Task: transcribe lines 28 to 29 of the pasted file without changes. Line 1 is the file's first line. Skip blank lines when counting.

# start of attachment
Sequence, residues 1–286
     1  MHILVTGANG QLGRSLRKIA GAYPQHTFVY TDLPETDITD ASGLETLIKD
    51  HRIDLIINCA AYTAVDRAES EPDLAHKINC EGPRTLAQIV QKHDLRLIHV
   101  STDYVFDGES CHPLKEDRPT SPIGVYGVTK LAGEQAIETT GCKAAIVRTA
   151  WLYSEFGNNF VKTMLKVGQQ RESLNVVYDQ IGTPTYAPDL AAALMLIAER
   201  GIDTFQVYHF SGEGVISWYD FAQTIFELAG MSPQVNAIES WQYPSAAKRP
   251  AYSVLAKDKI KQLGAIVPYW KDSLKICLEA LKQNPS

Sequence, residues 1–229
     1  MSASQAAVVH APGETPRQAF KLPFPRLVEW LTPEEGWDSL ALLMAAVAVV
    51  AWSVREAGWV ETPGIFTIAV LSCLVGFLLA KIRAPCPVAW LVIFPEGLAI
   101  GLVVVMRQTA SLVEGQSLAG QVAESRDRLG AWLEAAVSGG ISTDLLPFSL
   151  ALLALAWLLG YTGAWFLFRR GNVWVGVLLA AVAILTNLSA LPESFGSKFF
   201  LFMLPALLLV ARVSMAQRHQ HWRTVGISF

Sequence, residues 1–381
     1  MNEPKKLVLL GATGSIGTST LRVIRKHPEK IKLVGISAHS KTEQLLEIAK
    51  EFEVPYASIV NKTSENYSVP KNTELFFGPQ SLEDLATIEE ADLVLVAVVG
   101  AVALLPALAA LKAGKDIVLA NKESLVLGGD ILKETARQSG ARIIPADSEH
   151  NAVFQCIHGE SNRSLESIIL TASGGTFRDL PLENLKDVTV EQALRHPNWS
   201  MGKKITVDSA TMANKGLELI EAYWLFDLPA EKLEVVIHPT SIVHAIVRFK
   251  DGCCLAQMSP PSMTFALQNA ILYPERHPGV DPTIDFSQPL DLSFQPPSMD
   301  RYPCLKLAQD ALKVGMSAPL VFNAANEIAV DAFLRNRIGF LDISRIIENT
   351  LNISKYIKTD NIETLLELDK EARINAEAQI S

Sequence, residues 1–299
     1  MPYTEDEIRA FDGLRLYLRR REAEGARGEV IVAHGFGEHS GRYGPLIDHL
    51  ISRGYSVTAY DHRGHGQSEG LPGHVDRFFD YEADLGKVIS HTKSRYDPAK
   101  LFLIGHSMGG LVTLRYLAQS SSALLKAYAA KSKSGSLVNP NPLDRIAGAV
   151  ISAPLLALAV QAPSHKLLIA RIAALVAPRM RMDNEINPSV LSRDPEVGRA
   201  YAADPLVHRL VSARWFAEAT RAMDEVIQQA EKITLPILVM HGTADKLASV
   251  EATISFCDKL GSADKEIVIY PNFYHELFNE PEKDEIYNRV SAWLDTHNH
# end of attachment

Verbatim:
   201  YAADPLVHRL VSARWFAEAT RAMDEVIQQA EKITLPILVM HGTADKLASV
   251  EATISFCDKL GSADKEIVIY PNFYHELFNE PEKDEIYNRV SAWLDTHNH